Power Photos

OK, lately I am pretty much kicking myself for not doing a little more research into ways to merge libraries in the Photos app. In years gone by I used an app called iPhoto Library Manager by fatcatsoftware to manage photo libraries. It worked very nicely when I was using the now defunct iPhoto application.

 

Merging Photo Libraries

A long time ago, in a land far, far away I split my iPhoto library to make it easier to manage. It was a way to “Archive” older photos. Recently, my wife and I decided we wanted all our photos in one library. I checked iPhoto Library Manager, but it only works with the iPhoto app. Instead of doing a little more due diligence and looking for a app solution for this, I just exported all the photos from the smaller library and imported them into the larger library. It brought them in pretty well, but I did lose my edits.

After working with this process for a few days (I have a lot of photos) I noticed a mention of an app called Power Photos on a blog I was reading. I went to their website and discovered it is the newer version of iPhoto Library Manager by the same company!! I could have used this all along! Yikes!

And, that is not all. If you have kept your license of iPhoto Library Manager current you are using version 4 of that software. For people using ver 4 of iPhoto Library Manager the new Power Photos app from fatcatsoftware is free. It uses the same license information. Awesome!! There is an upgrade path for older versions of iPhoto Library Manager. So, how does Power Photos work?

Power Photos

I have decided to divide this article into two editions. In this installment I will show you the basics of how the app works and it’s features. For the second installment (on Monday) I have created two test Photos libraries. I will go through the process of doing an actual merge. Now, let’s get back to Power Photos.

When you first open the Power Photos app you get this window:

PowerPhotosWindow
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Initially, Power Photos takes a minute or two to connect with your main Photos library. Your Photos libraries will be listed in the left sidebar. If you wish to merge Photos libraries you start by clicking on the merge button in the menu bar:

PowerPhotosMerge
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You may wish to click to enlarge the above screenshot so you can read all these options. The app is fairly explanatory. You drag the libraries you wish to merge into the window (#1). Then you choose which main destination library (#2). Next comes handling duplicates (#3). I must admit, I am not sure if I would use this initially. I have other apps that can remove duplicates from Photos. I think this “Duplicate Handling” section might cause the merge to take a long time. However, if you wish to use it then pay close attention to the various settings. You can deal with Duplicates in all kinds of different ways.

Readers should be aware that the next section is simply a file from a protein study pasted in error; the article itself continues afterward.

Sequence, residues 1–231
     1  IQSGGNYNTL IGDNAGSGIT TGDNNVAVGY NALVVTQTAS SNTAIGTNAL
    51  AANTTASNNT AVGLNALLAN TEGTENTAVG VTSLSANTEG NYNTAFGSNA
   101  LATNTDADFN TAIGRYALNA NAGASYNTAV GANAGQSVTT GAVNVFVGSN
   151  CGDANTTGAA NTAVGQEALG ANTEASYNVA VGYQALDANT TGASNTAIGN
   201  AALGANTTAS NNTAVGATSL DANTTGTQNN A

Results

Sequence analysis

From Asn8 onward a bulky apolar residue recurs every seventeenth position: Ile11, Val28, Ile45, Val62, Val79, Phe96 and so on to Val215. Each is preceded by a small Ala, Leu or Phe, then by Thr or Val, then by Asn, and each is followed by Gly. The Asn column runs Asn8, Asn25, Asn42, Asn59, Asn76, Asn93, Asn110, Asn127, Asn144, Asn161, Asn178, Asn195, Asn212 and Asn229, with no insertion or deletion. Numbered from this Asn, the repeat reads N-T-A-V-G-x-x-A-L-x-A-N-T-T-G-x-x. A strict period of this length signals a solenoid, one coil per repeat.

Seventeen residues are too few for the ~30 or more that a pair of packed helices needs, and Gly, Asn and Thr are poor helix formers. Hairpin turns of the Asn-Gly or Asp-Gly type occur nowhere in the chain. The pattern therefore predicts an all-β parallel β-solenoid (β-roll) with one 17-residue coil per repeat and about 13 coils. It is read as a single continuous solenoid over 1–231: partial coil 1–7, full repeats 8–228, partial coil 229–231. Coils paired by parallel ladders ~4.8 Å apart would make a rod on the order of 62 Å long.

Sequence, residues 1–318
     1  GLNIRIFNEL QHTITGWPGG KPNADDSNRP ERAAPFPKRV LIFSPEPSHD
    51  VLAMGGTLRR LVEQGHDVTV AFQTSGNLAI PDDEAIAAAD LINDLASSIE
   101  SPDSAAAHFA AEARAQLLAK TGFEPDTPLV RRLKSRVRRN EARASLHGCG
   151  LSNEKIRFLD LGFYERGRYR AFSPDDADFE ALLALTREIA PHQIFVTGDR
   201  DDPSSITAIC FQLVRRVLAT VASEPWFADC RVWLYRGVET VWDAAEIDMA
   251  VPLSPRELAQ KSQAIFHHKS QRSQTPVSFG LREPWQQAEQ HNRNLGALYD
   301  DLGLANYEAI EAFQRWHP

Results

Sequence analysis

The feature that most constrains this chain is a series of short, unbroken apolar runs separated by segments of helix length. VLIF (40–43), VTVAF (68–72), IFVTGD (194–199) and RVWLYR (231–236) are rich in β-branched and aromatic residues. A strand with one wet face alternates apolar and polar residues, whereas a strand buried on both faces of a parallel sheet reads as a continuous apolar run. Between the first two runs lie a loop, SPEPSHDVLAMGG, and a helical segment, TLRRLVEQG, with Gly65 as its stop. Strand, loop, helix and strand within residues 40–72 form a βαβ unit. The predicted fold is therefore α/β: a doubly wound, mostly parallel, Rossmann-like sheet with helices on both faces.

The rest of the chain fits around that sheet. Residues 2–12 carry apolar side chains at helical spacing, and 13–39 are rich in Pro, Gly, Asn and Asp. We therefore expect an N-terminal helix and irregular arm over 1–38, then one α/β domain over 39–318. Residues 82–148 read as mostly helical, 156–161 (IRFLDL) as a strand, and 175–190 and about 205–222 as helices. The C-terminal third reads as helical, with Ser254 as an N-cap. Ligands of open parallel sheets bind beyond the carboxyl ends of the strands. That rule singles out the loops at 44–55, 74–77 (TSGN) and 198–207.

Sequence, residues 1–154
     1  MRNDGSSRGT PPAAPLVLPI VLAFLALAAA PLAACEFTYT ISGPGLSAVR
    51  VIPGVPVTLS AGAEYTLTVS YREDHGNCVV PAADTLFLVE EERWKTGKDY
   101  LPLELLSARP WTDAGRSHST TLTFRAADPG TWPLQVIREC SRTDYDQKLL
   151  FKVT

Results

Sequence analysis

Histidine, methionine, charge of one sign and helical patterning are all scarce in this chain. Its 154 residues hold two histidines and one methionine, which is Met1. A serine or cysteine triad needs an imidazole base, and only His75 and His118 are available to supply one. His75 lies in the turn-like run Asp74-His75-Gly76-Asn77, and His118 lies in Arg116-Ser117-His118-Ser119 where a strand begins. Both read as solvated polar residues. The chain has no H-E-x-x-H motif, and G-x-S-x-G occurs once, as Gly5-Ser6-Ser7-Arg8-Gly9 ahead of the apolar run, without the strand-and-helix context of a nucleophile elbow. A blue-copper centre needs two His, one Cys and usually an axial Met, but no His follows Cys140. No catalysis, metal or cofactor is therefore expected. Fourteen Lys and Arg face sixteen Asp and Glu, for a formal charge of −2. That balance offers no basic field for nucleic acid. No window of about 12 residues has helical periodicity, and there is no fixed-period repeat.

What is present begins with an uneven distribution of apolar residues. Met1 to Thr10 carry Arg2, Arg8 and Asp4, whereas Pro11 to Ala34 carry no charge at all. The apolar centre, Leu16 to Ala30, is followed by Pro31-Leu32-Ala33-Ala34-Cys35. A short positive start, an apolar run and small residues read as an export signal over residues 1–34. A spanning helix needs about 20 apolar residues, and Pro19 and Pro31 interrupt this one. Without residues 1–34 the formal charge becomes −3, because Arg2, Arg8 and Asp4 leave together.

Check out the drop down menus at the bottom of this section:

PowerPhotosDuplicates
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You can determine Duplicates using all kinds of different criteria. And, you can add several criteria categories if you want to get really granular:

PowerPhotosCategories
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At the end of the setup process there are some other general “Options” (#4). Pay close attention to these, they contain some important choices.

I want to mention one more thing here. Power Photos will Migrate old iPhoto libraries into the Photos app as well:

PowerPhotosMigrate
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Since I no longer have any iPhoto libraries to migrate I am not sure if this works better than the migration inside the Photos app. But, since people have reported mixed results with the Photos app migration process, I am fairly confident it could not be any worse.

Conclusion

If you have multiple photo libraries don’t merge them manually like I did. “There is an App For That!” Get the Power Photos app for that purpose. If you have to buy a new license it is not cheap at $29.95, but well worth it to handle one of your most valuable possessions, your photos.